The very nature of the Media Expo seems superfluous, as well. Individual events held in hotel ballrooms and suites are conducted year-round anyway, as publishers reach out to media groups with specifically targeted messages. There's no reason to think what they'll show in July will be any different than what they show throughout the year. The advantage of individual events, too, is there's no competition for the notoriously fickle attention of the gaming press. While there may be some prestige in breaking a big announcement at E3, you're a lot more likely to get uninterrupted press coverage if you drop the news sometime else in the calendar year.
The most unsatisfying element for both of these events is that neither seems to solve the issue that caused E3's breakup in the first place. Last week, at a GDC blogger event, Sony's Phil Harrison stated he felt that this year's split was just "turning back the clock." However extravagant the E3 Media Expo and E For All are this year, it's almost a certainty next year will see things taken up another notch. As Harrison put it, "How long before we're holding a press conference on a yacht?" If that's the case, it would have been a better idea to sit down and examine how to solve the arms race before jumping back into the fray. Maybe a year-long E3 holiday should have been imposed.
But maybe it's just as well they didn't, because the other big U..S gaming events have been all too happy to pick up the slack and don't look like they're willing to give back any ground. Last week's GDC was the biggest yet, with plenty of opportunities for business, deal-making and media attention. It was also a good deal more consumer-facing than in previous years, with a number of announcements tied into the normally industry-focused sessions. Some ostensibly developer-oriented talks had the feel of miniature press conferences, if you want to get right down to it. On the pure consumer side of things, this year's Penny Arcade Expo looks to be the biggest yet. Even Gen Con, the annual tabletop convention, is expanding its floor space to accommodate ambassadors from the videogame industry.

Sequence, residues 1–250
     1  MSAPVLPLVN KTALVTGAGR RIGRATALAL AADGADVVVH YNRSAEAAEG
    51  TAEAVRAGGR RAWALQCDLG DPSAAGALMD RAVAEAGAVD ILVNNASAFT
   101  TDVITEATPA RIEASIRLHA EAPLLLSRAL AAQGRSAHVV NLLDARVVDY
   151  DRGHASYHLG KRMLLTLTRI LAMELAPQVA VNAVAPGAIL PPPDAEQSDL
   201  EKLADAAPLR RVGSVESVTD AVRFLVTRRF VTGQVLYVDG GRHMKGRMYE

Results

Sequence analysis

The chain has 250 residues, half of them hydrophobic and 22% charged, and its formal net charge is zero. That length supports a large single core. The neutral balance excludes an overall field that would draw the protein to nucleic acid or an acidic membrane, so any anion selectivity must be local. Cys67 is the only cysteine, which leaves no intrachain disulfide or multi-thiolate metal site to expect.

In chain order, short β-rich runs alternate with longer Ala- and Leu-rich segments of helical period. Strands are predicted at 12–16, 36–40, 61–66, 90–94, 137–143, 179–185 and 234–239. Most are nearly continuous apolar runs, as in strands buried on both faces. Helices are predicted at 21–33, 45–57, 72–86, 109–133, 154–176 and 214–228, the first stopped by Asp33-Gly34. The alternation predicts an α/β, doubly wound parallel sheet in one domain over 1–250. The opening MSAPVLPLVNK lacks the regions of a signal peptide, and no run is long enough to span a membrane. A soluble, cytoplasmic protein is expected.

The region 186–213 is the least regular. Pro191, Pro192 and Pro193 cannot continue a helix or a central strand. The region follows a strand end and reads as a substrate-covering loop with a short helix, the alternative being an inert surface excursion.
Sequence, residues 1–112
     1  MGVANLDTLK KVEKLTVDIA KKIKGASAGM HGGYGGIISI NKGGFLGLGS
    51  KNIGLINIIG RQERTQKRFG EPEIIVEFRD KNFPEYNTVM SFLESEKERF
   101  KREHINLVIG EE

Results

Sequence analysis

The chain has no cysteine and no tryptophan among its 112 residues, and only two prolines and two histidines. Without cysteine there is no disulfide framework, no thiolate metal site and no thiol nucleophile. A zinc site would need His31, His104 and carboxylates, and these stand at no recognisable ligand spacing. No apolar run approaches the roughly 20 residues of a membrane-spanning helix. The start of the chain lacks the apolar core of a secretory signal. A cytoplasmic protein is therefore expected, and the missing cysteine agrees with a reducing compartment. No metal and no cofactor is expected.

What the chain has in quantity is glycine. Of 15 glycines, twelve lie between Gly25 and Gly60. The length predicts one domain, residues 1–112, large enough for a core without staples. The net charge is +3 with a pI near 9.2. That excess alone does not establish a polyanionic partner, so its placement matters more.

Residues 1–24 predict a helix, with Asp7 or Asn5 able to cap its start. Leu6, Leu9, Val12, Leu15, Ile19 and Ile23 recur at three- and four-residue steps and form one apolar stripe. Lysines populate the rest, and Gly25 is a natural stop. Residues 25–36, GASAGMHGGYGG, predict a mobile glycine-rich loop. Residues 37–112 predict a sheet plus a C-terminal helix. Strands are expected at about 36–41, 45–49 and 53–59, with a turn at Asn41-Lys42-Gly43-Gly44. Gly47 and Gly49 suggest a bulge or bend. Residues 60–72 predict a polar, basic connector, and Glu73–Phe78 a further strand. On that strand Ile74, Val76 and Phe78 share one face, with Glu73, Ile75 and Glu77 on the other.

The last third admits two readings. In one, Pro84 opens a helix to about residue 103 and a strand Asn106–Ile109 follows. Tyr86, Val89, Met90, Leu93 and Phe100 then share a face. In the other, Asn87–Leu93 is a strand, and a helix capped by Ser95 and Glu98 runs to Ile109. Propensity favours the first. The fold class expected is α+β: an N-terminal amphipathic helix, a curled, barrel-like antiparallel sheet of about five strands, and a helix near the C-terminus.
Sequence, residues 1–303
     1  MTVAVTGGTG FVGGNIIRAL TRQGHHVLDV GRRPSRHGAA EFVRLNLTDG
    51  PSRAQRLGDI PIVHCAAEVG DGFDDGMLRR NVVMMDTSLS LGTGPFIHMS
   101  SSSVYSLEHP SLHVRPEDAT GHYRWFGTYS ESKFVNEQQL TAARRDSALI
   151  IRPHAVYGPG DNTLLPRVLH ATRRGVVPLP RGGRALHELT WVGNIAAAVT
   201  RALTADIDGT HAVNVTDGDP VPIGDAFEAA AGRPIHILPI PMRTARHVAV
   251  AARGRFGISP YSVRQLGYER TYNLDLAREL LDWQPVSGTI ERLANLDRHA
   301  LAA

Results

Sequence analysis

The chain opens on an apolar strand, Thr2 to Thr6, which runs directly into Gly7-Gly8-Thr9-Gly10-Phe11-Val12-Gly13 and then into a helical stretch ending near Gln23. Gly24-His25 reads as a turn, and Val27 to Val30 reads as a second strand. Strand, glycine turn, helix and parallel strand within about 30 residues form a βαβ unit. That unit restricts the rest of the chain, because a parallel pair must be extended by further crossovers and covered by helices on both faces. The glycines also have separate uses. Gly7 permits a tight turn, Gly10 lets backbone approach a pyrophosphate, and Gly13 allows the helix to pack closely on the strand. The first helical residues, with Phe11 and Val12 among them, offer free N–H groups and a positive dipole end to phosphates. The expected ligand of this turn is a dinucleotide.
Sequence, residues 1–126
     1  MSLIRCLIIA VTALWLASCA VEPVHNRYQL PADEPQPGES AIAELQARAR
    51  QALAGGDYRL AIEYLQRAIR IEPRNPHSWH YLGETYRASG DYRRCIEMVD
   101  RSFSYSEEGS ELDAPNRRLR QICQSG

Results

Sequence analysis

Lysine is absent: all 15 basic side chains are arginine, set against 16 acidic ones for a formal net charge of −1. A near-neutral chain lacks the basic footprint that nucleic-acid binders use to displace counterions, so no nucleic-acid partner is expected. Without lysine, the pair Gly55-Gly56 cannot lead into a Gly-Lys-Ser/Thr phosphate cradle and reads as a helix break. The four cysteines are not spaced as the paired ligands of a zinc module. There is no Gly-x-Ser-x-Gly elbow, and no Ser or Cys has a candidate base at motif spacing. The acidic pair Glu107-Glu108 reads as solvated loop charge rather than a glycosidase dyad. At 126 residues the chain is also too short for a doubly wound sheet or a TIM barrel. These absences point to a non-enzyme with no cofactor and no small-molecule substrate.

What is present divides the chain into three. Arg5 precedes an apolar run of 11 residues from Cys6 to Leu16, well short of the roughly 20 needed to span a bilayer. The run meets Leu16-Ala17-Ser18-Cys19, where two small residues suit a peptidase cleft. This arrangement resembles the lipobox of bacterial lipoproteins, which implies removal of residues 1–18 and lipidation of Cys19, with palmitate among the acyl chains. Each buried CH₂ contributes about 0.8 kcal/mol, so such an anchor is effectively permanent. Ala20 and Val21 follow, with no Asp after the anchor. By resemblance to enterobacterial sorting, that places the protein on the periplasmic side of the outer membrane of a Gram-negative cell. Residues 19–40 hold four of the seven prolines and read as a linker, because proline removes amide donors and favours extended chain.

I feel all of these elements add up to the true end of E3. The ESA should move back to its role as industry advocacy group and let everyone else do what they do best. Publishers will hold their own media events throughout the year, ensuring there's always something new to talk about. Consumer events like PAX and Gen Con will keep the average gamer content. GDC, in its new and more flexible role, will play host to press, publisher and businessman alike. We may see GDC week as the industry's "holiday" from now on, and so much the better.
Who knows, perhaps the end of E3 will signal new things for the integration of gaming culture? Perhaps we'll no longer have a Katie Couric reporting live from the show floor, but if Newsweek wants to run a story on the development practices behind a Halo game, how is that any less exciting?